CSX Jumps as Freight Drop Softened by Cost Cuts, Price Gains

  • Shares rise most in about three months after earnings report
  • Railroad to reduce expenses 25% more than initially planned

CSX Corp. advanced the most in three months after the railroad raised prices to help offset a drop in cargo and said it would cut costs 25 percent more than previously planned.

The largest railroad in the eastern U.S. climbed 4.2 percent to $26.04 at 12:42 p.m. in New York after advancing as much as 5.3 percent, the largest intraday gain in about three months. 

Even with a 5 percent drop in freight volume, the railroad was able to increase first-quarter prices by 3.1 percent, based on charges for similar cargoes on comparable routes. CSX said it would reduce costs by $250 million this year, compared with a previous target of $200 million.

“I would love to do more than $250 million, if we can find a way to do it,” Chief Executive Officer Mike Ward said in a telephone interview. “We’re turning over every rock. Nothing is off the table.”

U.S. railroads are cutting jobs, parking locomotives and closing some facilities as cargo volumes fall due to weaker demand to haul coal, oil, metals and other commodities. Freight traffic for large U.S. carriers fell 6.5 percent in the first quarter, led by a 33 percent drop in coal carloads, according to the Association of American Railroads.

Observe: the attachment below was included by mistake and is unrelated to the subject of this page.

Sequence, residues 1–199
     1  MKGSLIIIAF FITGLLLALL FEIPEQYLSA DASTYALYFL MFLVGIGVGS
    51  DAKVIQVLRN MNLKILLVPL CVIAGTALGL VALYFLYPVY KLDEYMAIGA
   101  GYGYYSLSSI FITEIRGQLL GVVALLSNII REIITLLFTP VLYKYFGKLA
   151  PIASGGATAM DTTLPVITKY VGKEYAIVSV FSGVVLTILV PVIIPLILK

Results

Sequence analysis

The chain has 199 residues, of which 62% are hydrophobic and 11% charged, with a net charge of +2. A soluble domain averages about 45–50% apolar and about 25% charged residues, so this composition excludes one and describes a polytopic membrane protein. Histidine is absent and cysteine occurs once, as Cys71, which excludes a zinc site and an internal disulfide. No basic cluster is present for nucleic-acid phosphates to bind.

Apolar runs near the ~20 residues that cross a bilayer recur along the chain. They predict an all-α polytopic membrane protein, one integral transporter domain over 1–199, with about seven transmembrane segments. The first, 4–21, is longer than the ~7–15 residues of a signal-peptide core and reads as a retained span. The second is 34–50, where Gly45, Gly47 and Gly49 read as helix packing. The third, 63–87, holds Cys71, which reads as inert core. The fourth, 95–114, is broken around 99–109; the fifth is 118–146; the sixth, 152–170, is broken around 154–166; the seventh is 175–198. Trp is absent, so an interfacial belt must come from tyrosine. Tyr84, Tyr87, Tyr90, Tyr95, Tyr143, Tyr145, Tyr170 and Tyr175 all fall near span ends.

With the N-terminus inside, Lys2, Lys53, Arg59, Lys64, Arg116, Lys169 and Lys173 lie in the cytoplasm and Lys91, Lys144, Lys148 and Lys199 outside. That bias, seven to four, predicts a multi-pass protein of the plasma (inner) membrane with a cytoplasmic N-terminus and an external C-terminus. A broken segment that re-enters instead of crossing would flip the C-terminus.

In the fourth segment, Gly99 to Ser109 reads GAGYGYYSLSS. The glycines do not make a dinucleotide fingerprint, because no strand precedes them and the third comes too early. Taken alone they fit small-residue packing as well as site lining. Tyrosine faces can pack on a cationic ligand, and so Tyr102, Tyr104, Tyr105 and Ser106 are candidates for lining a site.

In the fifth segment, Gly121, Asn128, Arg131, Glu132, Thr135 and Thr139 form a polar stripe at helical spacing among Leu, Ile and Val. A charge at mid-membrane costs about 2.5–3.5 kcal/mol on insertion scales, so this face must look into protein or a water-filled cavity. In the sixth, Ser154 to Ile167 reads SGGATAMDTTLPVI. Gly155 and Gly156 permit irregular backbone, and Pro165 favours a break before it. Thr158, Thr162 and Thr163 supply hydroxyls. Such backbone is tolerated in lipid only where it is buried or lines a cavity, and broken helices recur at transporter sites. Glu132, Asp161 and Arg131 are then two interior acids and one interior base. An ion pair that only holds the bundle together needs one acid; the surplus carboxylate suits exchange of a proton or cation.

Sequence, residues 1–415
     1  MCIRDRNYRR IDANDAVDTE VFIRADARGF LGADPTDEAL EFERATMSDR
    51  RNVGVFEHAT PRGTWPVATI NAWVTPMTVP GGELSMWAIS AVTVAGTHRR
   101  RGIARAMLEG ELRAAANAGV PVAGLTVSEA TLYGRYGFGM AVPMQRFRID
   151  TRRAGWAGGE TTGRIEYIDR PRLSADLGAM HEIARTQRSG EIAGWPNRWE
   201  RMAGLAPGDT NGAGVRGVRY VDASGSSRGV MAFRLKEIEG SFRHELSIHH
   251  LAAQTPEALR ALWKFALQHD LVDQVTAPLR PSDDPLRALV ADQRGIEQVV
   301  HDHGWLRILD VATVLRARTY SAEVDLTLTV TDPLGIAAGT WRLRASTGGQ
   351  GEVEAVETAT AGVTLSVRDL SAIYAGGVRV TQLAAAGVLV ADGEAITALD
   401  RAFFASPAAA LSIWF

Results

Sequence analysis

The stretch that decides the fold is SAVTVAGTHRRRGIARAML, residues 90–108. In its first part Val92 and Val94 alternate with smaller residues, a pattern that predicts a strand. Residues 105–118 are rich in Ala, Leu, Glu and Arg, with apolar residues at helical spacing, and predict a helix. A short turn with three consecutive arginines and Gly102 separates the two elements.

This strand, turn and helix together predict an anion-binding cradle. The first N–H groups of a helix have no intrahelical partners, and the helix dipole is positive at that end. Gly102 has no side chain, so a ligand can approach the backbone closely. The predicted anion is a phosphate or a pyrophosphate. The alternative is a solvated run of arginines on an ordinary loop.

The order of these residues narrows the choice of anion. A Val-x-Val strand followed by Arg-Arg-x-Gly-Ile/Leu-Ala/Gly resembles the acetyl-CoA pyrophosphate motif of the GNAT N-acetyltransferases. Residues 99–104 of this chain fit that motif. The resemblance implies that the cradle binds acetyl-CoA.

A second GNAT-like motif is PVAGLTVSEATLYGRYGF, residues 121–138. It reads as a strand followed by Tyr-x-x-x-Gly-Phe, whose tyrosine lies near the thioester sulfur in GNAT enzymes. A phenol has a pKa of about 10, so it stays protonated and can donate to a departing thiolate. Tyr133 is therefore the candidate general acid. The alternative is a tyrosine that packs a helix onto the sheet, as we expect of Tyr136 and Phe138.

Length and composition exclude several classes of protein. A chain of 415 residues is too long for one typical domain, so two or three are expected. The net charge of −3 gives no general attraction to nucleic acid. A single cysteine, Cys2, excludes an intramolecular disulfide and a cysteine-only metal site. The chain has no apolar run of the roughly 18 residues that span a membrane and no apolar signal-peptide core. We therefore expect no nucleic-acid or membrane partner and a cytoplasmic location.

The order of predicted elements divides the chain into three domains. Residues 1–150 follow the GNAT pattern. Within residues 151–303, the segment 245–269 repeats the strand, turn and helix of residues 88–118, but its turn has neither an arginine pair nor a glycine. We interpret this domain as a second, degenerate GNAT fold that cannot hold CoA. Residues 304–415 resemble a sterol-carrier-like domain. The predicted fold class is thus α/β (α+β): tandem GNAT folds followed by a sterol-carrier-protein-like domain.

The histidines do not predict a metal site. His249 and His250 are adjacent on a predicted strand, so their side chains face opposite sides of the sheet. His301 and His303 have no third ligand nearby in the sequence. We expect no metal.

CSX’s first-quarter earnings dropped to 37 cents a share from 45 cents a year earlier, the company said Tuesday after the close of trading. That met the average of 25 forecasts compiled by Bloomberg. Sales fell 14 percent to $2.62 billion.

Improving service paved the way for CSX to raise prices in almost all its markets except export coal, Ward said. Trains leaving their origination on time jumped to 81 percent in the first quarter from 50 percent and train speed rose to an average of 21.1 miles per hour from 20.2 mph a year earlier.

“We’re working to serve the customers well to move what business they do have and allow us to price for some of the value we’re creating,” Ward said.

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